is added to the fund. The determination of historic dollar value made in good faith
by the institution is conclusive.
(6) “gift instrument” means a will, deed, grant, conveyance, agreement,
memorandum, writing, or other governing document (including the terms of any
institutional solicitations from which an institutional fund resulted) under which
property is transferred to or held by an institution as an institutional fund.
The Uniform Act applies generally to colleges, universities, hospitals,
religious organizations and other institutions of an eleemosynary nature. It applies
to a governmental organization to the extent that the organization holds funds for
the listed purposes, e.g., a public school which has an endowment fund.
[Subsection (1) ] A non-governmental institution which is not “charitable”
in the classic sense is not within the Act, even though it may hold funds for such
purpose. If the fund is separate and distinct from the noncharitable organization,
the fund itself may be an institution, to which the Act applies.
[Subsection (2) ] An institutional fund is any fund held by an institution
which it may invest for a long or short term. Excluded from the Act is any fund
held by a trustee which is not an institution as defined in this Act, e.g., a bank or
trust company, for the benefit of an institution even though the institution is the sole
A fund held by an institution for the benefit of any noninstitutional
beneficiary is also excluded. The exclusion would apply to any fund with an
individual beneficiary such as an annuity trust or a unitrust. When the interest of a
noninstitutional beneficiary is terminated, the fund may then become an
The “use, benefit, or purposes” of an institution broadly encompasses all of
the activities permitted by its charter or other source of authority. A fund to
provide scholarships for students or medical care for indigent patients is held by the
school or hospital for the institution’s purposes. Such a fund is not deemed to be
held for the benefit of a particular student or patient as distinct from the use,
benefit, or purposes of the institution, nor does the student or patient have an
interest in the fund as a “beneficiary which is not an institution.”
The particular recipient of the aid of a charitable organization is not a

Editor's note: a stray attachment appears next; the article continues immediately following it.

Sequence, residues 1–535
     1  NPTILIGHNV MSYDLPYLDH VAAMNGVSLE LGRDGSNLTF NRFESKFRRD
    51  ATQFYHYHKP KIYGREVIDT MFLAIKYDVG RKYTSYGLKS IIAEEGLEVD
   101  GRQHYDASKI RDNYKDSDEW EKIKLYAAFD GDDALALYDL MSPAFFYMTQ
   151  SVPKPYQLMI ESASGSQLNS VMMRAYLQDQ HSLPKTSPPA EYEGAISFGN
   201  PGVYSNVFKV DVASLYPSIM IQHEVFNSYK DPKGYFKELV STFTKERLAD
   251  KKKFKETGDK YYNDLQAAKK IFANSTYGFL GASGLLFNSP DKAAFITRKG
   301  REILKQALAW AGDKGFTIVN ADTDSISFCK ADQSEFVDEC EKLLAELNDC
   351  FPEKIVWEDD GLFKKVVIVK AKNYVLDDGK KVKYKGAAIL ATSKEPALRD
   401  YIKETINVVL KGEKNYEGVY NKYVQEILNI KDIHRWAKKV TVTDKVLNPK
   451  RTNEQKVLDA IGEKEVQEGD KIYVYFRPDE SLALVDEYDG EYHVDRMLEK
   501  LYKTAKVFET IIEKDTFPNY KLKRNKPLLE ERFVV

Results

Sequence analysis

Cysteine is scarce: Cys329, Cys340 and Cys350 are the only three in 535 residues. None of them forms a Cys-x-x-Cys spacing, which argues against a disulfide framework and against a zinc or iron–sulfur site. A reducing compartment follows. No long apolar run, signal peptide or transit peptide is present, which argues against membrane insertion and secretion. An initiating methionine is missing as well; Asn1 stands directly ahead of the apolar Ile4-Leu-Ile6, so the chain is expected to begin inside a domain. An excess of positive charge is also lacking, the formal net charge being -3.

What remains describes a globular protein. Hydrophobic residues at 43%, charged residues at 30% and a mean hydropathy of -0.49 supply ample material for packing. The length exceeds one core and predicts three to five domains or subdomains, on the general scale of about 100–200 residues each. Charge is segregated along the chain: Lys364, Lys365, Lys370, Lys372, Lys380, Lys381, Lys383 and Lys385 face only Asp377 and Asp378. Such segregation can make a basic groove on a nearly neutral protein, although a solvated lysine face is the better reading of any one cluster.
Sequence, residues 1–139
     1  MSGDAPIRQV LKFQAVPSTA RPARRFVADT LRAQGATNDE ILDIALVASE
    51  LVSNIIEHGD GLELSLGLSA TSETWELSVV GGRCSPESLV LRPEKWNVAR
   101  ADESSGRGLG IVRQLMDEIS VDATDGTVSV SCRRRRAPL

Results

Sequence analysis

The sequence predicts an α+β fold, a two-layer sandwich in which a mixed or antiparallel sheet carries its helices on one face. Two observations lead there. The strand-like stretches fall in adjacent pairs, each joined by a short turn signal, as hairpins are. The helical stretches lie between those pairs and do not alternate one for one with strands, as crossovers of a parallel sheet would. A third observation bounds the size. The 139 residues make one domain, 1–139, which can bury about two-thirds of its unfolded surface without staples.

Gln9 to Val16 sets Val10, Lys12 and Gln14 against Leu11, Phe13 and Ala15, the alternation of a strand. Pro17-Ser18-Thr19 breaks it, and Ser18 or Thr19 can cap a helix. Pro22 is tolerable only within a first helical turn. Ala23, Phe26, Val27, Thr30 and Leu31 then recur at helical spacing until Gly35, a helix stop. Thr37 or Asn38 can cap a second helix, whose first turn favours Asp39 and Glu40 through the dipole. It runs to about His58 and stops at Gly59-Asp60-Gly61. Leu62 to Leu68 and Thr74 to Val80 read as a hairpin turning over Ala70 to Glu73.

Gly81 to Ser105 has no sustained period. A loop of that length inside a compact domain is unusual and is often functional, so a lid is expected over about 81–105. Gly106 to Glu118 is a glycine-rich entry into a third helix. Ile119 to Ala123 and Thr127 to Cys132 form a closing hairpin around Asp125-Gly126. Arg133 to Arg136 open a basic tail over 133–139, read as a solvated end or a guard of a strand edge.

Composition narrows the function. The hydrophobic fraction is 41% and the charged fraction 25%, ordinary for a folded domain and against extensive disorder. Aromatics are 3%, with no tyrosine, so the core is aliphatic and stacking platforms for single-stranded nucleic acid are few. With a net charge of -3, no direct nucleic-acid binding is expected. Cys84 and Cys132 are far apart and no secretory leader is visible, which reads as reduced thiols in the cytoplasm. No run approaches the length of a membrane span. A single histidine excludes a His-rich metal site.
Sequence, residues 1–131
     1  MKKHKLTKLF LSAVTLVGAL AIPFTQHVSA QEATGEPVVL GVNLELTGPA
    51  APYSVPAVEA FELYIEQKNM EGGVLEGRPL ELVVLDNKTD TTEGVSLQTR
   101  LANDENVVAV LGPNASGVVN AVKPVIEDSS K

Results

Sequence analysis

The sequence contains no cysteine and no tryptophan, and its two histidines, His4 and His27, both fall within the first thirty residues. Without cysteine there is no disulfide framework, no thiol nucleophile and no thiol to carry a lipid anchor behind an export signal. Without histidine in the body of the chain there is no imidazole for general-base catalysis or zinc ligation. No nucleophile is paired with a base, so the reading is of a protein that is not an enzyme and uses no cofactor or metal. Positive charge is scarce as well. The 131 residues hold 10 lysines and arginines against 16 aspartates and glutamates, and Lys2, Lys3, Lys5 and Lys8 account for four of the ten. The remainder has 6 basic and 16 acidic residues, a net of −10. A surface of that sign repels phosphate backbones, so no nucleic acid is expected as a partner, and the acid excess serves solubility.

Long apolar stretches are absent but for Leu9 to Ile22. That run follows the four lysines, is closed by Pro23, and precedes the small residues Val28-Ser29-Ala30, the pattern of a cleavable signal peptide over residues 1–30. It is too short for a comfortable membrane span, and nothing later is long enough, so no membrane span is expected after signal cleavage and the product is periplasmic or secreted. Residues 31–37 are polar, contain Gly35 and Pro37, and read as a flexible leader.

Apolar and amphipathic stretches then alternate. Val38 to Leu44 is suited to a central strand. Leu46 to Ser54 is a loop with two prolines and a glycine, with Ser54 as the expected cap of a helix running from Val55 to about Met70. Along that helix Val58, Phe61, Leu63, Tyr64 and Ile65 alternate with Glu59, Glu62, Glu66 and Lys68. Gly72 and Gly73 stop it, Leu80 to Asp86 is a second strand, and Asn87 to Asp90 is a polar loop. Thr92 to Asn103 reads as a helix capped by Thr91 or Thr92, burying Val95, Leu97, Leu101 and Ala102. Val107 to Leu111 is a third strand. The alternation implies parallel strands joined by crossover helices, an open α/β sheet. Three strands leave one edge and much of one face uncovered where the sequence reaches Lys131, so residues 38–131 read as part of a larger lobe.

“beneficiary” in the sense of a beneficiary of a private trust; only the Attorney
General or similar public authority may enforce a charitable trust. 4 Scott, Law of
Trusts § 348 pp. 2768-9 (3d ed. 1967); Bogert, The Law of Trusts and Trustees
§§ 411-15 pp. 317-348 (2d ed. 1962).
[Subsection (3) ] An endowment fund is an institutional fund, or any part
thereof, which is held in perpetuity or for a term and which is not wholly
expendable by the institution. Implicit in the definition is the continued
maintenance of all or a specified portion of the original gift. “Endowment fund” is
specially defined because it is subject to the appropriation rules of Section 2.
A restriction on use that makes a fund an endowment fund arises only from
the applicable gift instrument. If a governing board has the power to spend all of a
fund but, in its discretion, decides to invest the fund and spend only the yield or
appreciation therefrom, the fund does not become an endowment fund under this
definition, but it may be described as a “quasi-endowment fund” or a “fund
functioning as endowment.”
A fund which is not an institutional fund originally and therefore not an
endowment fund may become an endowment fund at a later time. For example, a
fund given to an institution to pay the grantor’s widow a life income, with the
remainder to the institution, would become an institutional fund on the widow’s
death, and, if the fund were not then wholly expendable, it would become an
endowment fund at that time.
If a gift instrument provided that the institution could use the income from
the fund for ten years and thereafter spend the entire principal, the fund would be an
endowment fund for the ten-year period and would cease to be an endowment fund
at the time it became wholly expendable.